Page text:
October 2016

10 Things You Must Do When Making a To-Do List

The first thing on your to-do list should be making a to-do list.

A handy to-do list can help you get organized, separate important tasks from trivial distractions, and give you more time at the end of your day to read advice on time management. Here are ten simple steps to get you started.

1. Think Big

Your dreams should be so big that they require their own plane tickets. You should be able to make the floorboards creak with your mind. Think so big that you rip your pants. If you don’t ask for it, you won’t get it. If you don’t care enough about it to put it on your to-do list, you probably don’t deserve to have it.

In the planning stages, it’s important to go buck-wild. Promise yourself the moon with stars sprinkled on top. Make a list of the twenty things you most want out of life, and then add twenty more things. Don’t forget to add all the things you should do, such as flossing your cat, along with the things you don’t really enjoy but want to be seen doing, such as complementing other people’s children. Put it all in there.

Make your to-do list a living document, and keep giving yourself new things to do until all of it is done.

How to make a to-do list2. Get Going

Now you’re off to the races! You have a whole lot of work ahead of you, and it’s important to not get overwhelmed. Start with the first, most important thing, say, getting your shoes tied. Hey, that was easy! Now you’re laced up and on your way out the door. The world better watch out, because you’ve got big plans. You’ve got such big plans that it’s hard to keep track of them, but fortunately you’ve got a to-do list.

3. Determine What Really Matters

Painstaking prioritization is one of the best alternatives to doing things.

Before you move on to tackle item number two on your list, take stock of your priorities. You can’t do everything at once because you’re not a machine(Robots don’t get adult acne). You’re a person with a to-do list, and one of the things on your to-do list is to practice mindfulness. So be mindful of what really matters to you.

Of all the tasks you’ve set out to complete, which do you need to do? Which do you want to do? Which best exemplify who you are as a person and what’s in your heart of hearts? Rearrange the list like a symphony to harmonize with a mindful awareness of your priorities. Now lay it over a disco beat and get pumped.

4. Procrastinate

It’s been a week since you started on item number two and things aren’t going too well. You bought the Lego set. You read the instructions and you put a few pieces together, but the project has been sitting on the kitchen table for days, and you’ve been eating in front of the television to avoid looking at it.

You tried meditation, which wasn’t very productive at all — you probably weren’t doing it correctly. You took some vitamin supplements to boost your energy and you ended up with less money and more colorful urine. You’ve been lazy and useless, and you haven’t even been able to enjoy it.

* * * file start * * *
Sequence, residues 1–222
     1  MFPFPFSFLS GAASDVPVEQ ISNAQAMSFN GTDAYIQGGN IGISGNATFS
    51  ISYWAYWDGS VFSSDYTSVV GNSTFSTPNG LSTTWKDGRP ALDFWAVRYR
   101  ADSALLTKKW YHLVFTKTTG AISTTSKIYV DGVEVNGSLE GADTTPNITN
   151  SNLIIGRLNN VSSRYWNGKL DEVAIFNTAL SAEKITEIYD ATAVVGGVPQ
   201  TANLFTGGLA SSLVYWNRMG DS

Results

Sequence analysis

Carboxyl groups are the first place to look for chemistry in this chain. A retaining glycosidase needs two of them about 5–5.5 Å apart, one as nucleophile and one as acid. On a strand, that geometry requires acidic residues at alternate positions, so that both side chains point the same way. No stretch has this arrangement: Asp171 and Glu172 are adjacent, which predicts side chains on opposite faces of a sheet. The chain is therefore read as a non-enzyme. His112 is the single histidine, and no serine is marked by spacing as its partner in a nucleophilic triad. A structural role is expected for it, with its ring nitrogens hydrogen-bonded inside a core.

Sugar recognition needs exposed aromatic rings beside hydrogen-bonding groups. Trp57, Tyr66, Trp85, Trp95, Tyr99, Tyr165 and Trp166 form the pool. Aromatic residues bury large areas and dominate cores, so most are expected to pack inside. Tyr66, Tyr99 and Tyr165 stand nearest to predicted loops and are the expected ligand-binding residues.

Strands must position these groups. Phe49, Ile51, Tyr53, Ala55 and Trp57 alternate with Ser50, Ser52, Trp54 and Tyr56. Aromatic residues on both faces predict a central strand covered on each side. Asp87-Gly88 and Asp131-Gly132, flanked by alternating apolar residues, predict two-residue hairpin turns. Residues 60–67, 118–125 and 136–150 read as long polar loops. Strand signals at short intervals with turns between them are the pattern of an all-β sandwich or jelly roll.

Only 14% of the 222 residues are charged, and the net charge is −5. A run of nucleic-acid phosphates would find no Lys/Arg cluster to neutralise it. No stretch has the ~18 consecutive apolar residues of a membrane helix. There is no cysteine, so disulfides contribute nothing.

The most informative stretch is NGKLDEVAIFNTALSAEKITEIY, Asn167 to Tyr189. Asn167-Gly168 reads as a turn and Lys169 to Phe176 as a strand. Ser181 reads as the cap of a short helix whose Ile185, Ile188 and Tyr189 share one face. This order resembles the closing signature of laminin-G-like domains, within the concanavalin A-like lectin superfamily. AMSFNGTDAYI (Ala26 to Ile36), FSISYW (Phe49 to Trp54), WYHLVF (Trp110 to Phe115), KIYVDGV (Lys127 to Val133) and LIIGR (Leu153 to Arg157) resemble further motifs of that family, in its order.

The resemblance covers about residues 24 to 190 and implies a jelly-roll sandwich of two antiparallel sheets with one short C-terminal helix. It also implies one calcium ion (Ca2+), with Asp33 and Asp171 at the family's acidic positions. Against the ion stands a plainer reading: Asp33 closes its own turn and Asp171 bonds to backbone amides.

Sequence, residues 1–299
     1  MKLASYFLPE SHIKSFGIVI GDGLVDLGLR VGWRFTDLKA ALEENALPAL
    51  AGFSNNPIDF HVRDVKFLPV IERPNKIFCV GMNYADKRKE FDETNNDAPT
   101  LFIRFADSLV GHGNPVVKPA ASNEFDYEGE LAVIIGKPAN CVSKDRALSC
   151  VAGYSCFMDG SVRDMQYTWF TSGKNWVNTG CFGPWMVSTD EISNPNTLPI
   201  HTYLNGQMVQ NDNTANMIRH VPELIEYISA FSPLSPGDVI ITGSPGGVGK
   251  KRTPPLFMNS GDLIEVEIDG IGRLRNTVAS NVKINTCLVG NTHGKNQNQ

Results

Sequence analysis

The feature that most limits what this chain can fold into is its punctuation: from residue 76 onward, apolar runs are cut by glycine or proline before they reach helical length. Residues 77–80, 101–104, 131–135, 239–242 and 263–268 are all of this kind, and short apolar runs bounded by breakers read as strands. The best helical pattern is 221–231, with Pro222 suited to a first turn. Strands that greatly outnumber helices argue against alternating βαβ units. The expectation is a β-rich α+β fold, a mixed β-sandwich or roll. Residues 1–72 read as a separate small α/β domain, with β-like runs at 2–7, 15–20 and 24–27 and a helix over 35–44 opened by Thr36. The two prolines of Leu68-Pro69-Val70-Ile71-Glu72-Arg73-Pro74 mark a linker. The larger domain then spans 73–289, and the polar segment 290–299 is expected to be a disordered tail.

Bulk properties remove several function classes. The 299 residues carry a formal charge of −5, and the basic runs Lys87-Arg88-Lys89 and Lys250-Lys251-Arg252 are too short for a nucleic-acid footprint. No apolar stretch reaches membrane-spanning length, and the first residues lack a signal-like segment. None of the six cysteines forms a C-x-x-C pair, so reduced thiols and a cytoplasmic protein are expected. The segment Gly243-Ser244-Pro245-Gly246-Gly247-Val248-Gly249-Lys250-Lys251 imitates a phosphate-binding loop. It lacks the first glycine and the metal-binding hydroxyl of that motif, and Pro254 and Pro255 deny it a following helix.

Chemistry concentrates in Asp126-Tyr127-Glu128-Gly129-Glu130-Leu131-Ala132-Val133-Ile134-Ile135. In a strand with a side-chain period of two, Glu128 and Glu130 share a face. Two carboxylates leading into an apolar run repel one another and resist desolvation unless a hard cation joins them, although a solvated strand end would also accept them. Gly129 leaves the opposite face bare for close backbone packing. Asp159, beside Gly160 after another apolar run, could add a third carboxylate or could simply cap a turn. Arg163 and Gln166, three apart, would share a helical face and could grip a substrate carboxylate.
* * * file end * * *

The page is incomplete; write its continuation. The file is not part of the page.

You notice that your shoe has come untied, and you have no idea what to do about it.

5. Sabotage Yourself

If you were being brutally honest with yourself, you would admit that you’re half-assing it because the idea of pouring your soul into a project and failing scares you more than the idea of not doing it at all. If you never write your first book, no one will ever read it or love it, but at least you won’t have to deal with one-star reviews from idiots. “Let’s not and say we did,” is what the kids say, and the kids are the best judge of anything. You cross item two off the list, confident that you could have done a hell of a job at it had it been worth your time and trouble.

6. Fail Completely and Bitterly

What started as a low murmur of self-doubt now crescendos into a chorus of self-loathing. You’ll never get through your to-do list because you’re not smart or tough enough to finish your chores, honor your commitments to yourself, or obtain the things you want in life. You are, simply put, weak.

Most of us feel this way sometimes, because, except for a few CEOs and celebrities, we all suck and should probably give up. Your life isn’t worth much if you can’t compete with the guy who came up with Snapchat.

7. Give Up

Now you are free to fall apart. You are at liberty to do all of the things that would have previously brought you shame. Now, you are fish and shame is the water in which you swim.

So, give up. Quit your humiliating dead-end job. Drink until your sweat eats through paint. Toast dumpster bagels over a trash can fire. Life is suffering, as the Buddhists say, and the path through suffering is greased with Everclear.

Keep sinking until you break through the bottom and land in the abandoned basement. Rediscover shame as the last few people who love you have to come in and clean up your mess.

How to make a to-do list8. Revise Your To-Do List

Start with one basic thing, like tying your shoes. Do that one basic thing every day.

Do something that seems simple to some people but that you find challenging, like, oh, feeding yourself. Maybe that doesn’t sound like a big deal to you, but I once spent 72 hours curled up in my bed, had a pizza delivered, and could not eat the pizza because of anxiety. If I had just eaten one piece of pepperoni, I probably would have felt better and that would have been progress. Start with one pepperoni.

Do that one basic thing until it becomes a habit. Then, and only then, consider adding a second basic thing to your to-do list. Add new basic things as you can handle them, and no sooner. Get in the practice of building habits for their own sake.

9. Get Bored

Soon enough, you will feel better. You’ll get a boost in morale from all of that successful pepperoni-eating and shoe-tying. As you reassemble the fragments of your shattered life, you have some time to rest and reflect, and that rest, more than anything else, is helping a lot.

Now you wonder what you’re missing, out there in the dangerous and exciting world. You feel ready to go out and conquer it, or at least go on a crazy and colorful adventure. You are, simply put, bored. And you fear that all of this rest is making you rusty. There is so much you are capable of, so many goals you want to pursue.

So you start making a list…

10. Repeat

Now you are right back where you started. Progress!

As you can see, a to-do list doesn’t have to be simply an inventory of tedious tasks. A good to-do list is a recipe for adventure and delight, along with harrowing terror. When you get good at making to-do lists, you will get used to the insane mood swings that come with them. Start making your to-do list today, and don’t be surprised if you learn a lot about yourself in the process.

If you wind up exhausted and humiliated, you may find that you prefer using a productivity app.

A Late Adopter's Audition for the Anti-Self-Help Bandwagon

Most of us could use some wise advice. Most of us distrust forced positivity and new age pabulum. Thus we see the rise of the anti-self-help guru, a writer who gets to have it both ways and be raw without sacrificing authority. The ASHG gives you the whole truth, not just the good parts. When they reassure you that things can be better, you trust them, because you know that they have suffered.